24. Rae AL, Jarmey JM, Mudge SR, Smith FW (2004) Overexpression of a high-affinity transporter in transgenic barley plants does not enhance phosphate uptake rates. Funct Plant Biol 31:141–148CrossRefGoogle Scholar
  25. Raghothama KG (1999) Phosphate acquisition. Annu Rev Plant Physiol Plant Mol Biol 50:665–693PubMedCrossRefGoogle Scholar
  26. Raghothama KG (2000) Phosphate transport and signaling. Curr Opin Plant Biol 3:182–187PubMedGoogle Scholar
  27. Rubio V, Linhares F, Solano R, Martin AC, Iglesias J, Leyva A, Paz-Ares J (2001) A conserved MYB transcription factor involved in phosphate starvation signaling both in vascular plants and in unicellular algae. Genes Dev 15:2122–2133PubMedCrossRefGoogle Scholar
  28. Schachtman DP, Reid RJ, Ayling SM (1998) Phosphorus uptake by plants: from soil to cell. Plant Physiol 116:447–453PubMedCrossRefGoogle Scholar
  29. Sharply A, Moyer B (2000) Phosphorus forms in manure and compost and their release during simulated rainfall. J Environ Qual 29:1462–1469CrossRefGoogle Scholar
  30. Sims JT, Edwards AC, Schoumans OF, Simard RR (2000) Integrating soil phosphorus testing into environmentally based agricultural management practices. J Environ Qual 29:60–71CrossRefGoogle Scholar
  31. Tamura K, Peterson D, Peterson N, Stecher G, Nei M, Kumar S (2011) MEGA5: molecular evolutionary genetics analysis using maximum likelihood, evolutionary distance, and maximum parsimony methods. Mol Biol Evol 28:2439–2442CrossRefGoogle Scholar
  32. Tan ZJ, Hu YL, Lin ZP (2012) Expression of NtPT5 is correlated with the degree of colonization in tobacco roots inoculated with Glomus etunicatum. Plant Mol Bio Rep 30:885–893CrossRefGoogle Scholar
  33. Tang QY, Zhang CX (2012) Data Processing System (DPS) software with experimental design, statistical analysis and data mining developed for use in entomological research. Insect Science 00:1–7Google Scholar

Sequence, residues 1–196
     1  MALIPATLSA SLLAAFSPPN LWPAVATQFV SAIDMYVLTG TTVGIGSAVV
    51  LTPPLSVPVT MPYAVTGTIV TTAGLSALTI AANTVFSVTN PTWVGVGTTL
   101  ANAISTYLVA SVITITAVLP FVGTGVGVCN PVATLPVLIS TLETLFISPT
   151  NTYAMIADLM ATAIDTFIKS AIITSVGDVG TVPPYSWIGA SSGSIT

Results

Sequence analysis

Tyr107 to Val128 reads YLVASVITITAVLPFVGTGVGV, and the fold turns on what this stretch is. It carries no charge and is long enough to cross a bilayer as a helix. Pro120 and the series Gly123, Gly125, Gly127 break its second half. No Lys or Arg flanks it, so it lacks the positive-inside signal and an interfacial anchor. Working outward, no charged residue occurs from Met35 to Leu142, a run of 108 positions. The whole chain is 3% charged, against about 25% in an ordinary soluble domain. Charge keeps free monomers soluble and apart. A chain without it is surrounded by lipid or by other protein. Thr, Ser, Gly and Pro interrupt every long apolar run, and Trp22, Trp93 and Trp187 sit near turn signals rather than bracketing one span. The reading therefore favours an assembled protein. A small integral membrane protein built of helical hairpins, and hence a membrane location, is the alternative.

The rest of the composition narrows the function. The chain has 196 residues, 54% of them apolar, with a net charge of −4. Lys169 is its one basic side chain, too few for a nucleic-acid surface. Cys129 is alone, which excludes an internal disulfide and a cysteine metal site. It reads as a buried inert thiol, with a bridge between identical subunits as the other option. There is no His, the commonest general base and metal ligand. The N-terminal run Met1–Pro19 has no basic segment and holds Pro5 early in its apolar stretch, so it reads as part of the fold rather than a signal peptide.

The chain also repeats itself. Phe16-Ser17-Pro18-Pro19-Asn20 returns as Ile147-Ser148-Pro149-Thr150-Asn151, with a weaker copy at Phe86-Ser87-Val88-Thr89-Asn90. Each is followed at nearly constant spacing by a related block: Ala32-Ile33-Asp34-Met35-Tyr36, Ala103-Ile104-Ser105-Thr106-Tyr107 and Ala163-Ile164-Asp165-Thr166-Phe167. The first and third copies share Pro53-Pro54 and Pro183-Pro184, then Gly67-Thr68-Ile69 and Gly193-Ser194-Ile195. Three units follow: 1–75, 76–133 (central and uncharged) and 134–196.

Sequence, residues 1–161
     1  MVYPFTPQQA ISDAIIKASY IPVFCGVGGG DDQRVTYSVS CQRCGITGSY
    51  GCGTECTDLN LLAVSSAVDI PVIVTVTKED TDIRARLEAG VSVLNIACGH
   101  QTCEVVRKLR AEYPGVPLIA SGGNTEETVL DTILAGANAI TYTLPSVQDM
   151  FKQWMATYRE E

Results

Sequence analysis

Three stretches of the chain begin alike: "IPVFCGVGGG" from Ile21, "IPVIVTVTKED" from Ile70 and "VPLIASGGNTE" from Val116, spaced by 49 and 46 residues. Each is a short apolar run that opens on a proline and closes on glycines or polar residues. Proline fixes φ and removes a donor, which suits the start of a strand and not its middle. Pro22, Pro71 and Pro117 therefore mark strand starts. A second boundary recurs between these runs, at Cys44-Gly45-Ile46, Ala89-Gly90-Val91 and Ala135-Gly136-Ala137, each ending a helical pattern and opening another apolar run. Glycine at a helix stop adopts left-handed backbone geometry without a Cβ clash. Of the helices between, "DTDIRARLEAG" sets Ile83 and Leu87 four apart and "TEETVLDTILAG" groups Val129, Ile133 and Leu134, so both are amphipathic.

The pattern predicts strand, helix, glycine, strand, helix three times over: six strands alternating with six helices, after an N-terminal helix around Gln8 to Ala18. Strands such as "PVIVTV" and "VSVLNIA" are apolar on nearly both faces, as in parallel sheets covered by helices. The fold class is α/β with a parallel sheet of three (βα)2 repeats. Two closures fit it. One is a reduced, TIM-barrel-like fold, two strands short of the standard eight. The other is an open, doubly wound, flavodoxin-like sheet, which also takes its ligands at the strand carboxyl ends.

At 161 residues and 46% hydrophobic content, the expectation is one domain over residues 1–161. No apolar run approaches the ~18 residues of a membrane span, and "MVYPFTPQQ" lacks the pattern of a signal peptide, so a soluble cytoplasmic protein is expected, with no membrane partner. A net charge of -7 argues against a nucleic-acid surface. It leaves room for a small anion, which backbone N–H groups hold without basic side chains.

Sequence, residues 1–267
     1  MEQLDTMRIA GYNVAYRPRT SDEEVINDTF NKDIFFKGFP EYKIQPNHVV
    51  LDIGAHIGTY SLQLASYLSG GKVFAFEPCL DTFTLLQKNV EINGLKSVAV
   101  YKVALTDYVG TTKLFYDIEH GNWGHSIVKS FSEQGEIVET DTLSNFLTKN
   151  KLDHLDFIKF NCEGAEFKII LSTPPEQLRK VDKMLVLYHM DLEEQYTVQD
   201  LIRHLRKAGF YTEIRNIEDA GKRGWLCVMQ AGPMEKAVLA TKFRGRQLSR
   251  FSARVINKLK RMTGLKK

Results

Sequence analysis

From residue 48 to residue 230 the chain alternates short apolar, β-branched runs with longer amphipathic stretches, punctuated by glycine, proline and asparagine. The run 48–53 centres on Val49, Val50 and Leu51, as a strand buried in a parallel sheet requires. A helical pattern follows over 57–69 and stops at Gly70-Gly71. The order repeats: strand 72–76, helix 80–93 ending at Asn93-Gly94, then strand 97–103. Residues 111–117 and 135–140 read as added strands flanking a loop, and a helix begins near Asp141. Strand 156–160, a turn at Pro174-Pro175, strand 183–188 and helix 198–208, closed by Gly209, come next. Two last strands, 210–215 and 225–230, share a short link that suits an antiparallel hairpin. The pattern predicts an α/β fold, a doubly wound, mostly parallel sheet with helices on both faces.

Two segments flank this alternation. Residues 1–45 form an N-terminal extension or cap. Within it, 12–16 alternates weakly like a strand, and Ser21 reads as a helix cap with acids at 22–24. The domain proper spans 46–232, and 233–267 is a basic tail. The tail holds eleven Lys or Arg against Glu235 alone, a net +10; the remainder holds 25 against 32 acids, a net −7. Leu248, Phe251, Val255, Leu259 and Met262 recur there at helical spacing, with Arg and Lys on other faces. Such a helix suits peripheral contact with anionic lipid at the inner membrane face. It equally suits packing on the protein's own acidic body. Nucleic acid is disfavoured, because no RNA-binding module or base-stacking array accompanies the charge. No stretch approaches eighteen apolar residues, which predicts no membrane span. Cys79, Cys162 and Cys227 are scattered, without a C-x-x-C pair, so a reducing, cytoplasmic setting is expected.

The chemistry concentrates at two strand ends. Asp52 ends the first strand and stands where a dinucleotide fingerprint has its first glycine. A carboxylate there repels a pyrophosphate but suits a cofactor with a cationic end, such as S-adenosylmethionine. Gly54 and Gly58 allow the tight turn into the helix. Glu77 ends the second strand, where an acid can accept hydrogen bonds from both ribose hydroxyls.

34. Vance CP (2001) Symbiotic nitrogen fixation and phosphorus acquisition. Plant nutrition in a world of declining renewable resources. Plant Physiol 127:390–397PubMedCrossRefGoogle Scholar
  35. Vance CP, Uhde-Stone C, Allan DL (2003) Phosphorus acquisition and use: critical adaptations by plants for securing a nonrenewable resource. New Phytol 157:423–447CrossRefGoogle Scholar
  36. Wu P, Ma LG, Hou XL, Wang MY, Wu YR, Liu FY, Deng XW (2003) Phosphate starvation triggers distinct alterations of genome expression in Arabidopsis roots and leaves. Plant Physiol 132:1260–1271PubMedCrossRefGoogle Scholar
  37. Wykoff DD, Grossman AR, Weeks DP, Usuda H, Shimogawara K (1999) Psr1, a nuclear localized protein that regulates phosphorus metabolism in Chlamydomonas. Proc Natl Acad Sci USA 96:15336–15341PubMedCrossRefGoogle Scholar
  38. Zhang XG, Yin DM, Ma CZ, Fu TD (2011) Phylogenetic analysis of S-locus genes reveals the complicated evolution relationship of S haplotypes in Brassica. Plant Mol Biol Rep 29:481–488CrossRefGoogle Scholar
  39. Zhou J, Jiao FC, Wu ZC, Li YY, Wang XM, He XW, Zhong WQ, Wu P (2008) OsPHR2 is involved in phosphate-starvation signaling and excessive phosphate accumulation in shoots of plants. Plant Physiol 146:1673–1686PubMedCrossRefGoogle Scholar

Copyright information

© Springer Science+Business Media New York 2012

Authors and Affiliations

  1. 1.College of Life ScienceShanxi UniversityTaiyuanChina
  2. 2.Institute of Crop ScienceShanxi Academy of Agricultural SciencesTaiyuanChina
  3. 3.Shanxi Academy of Agricultural SciencesTaiyuanChina
  4. 4.Key Laboratory of Crop Gene Resources and Germplasm Enhancement on Loess PlateauMinistry of AgricultureTaiyuanPeople’s Republic of China
  5. 5.Modern Agricultural Research CenterShanxi Academy of Agricultural SciencesTaiyuanChina
  6. 6.Biotechnology Research CenterShanxi Academy of Agricultural SciencesTaiyuanChina

Personalised recommendations